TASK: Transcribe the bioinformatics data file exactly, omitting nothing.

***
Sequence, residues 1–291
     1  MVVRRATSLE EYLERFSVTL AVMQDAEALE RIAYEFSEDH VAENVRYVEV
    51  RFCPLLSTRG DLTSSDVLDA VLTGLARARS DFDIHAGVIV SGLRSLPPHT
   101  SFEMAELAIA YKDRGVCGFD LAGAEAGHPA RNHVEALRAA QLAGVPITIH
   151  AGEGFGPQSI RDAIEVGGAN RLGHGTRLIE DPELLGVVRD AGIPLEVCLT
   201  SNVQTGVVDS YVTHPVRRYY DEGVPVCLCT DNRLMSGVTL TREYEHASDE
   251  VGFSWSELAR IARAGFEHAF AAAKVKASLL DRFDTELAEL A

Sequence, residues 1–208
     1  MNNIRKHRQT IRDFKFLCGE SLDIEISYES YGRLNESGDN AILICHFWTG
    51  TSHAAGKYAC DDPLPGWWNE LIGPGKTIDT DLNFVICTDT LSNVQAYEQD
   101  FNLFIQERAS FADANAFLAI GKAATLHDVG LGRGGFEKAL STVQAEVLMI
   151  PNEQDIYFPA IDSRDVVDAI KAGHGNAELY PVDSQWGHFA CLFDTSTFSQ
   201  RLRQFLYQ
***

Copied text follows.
Sequence, residues 1–291
     1  MVVRRATSLE EYLERFSVTL AVMQDAEALE RIAYEFSEDH VAENVRYVEV
    51  RFCPLLSTRG DLTSSDVLDA VLTGLARARS DFDIHAGVIV SGLRSLPPHT
   101  SFEMAELAIA YKDRGVCGFD LAGAEAGHPA RNHVEALRAA QLAGVPITIH
   151  AGEGFGPQSI RDAIEVGGAN RLGHGTRLIE DPELLGVVRD AGIPLEVCLT
   201  SNVQTGVVDS YVTHPVRRYY DEGVPVCLCT DNRLMSGVTL TREYEHASDE
   251  VGFSWSELAR IARAGFEHAF AAAKVKASLL DRFDTELAEL A

Sequence, residues 1–208
     1  MNNIRKHRQT IRDFKFLCGE SLDIEISYES YGRLNESGDN AILICHFWTG
    51  TSHAAGKYAC DDPLPGWWNE LIGPGKTIDT DLNFVICTDT LSNVQAYEQD
   101  FNLFIQERAS FADANAFLAI GKAATLHDVG LGRGGFEKAL STVQAEVLMI
   151  PNEQDIYFPA IDSRDVVDAI KAGHGNAELY PVDSQWGHFA CLFDTSTFSQ
   201  RLRQFLYQ